In Her Wake
Daphnis leaves a path of disturbance on either side of her as she moves in
her orbit within the Keeler Gap.
The gravity of the small moon (8 kilometers, or 5 miles across) is enough
to carve wavelike perturbations into the material of the outer A ring. The
bright object to the right of the rings is a star, not a moon.
This view looks toward the unilluminated side of the rings from about 59
degrees above the ringplane. The image was taken in visible light with the
Cassini spacecraft narrow-angle camera on Jan. 31, 2009. The view was
acquired at a distance of approximately 856,000 kilometers (532,000 miles)
from Daphnis and at a Sun-Daphnis-spacecraft, or phase, angle of 63
degrees. Image scale is 5 kilometers (3 miles) per pixel.
The Cassini-Huygens mission is a cooperative project of NASA, the European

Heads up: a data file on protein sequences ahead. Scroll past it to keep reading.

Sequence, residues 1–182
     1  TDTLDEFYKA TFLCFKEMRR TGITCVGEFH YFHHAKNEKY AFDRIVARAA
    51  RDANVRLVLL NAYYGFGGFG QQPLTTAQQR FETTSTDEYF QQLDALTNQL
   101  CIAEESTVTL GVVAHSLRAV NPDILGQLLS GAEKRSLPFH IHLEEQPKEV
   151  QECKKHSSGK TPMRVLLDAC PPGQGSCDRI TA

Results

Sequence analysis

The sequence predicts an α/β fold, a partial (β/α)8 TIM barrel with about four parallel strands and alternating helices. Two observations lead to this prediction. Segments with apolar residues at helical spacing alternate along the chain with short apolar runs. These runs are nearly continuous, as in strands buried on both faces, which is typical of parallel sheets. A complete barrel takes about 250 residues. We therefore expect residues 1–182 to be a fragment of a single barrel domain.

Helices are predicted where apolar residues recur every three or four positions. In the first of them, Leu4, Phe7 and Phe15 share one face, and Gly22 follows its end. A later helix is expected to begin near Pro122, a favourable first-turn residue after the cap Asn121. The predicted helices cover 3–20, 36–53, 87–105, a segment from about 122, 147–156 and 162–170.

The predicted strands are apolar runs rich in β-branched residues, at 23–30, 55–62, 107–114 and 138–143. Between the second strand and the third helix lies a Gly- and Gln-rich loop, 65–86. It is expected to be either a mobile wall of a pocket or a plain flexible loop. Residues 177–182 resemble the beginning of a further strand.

Space Agency and the Italian Space Agency. The Jet Propulsion Laboratory,
a division of the California Institute of Technology in Pasadena, manages
the mission for NASA's Science Mission Directorate, Washington, D.C. The
Cassini orbiter and its two onboard cameras were designed, developed and
assembled at JPL. The imaging operations center is based at the Space
Science Institute in Boulder, Colo.>
For more information about the Cassini-Huygens mission visit
http://saturn.jpl.nasa.gov/. The Cassini imaging team
homepage is at http://ciclops.org.
courtesy NASA/JPL/Space Science Institute
image id: PIA10595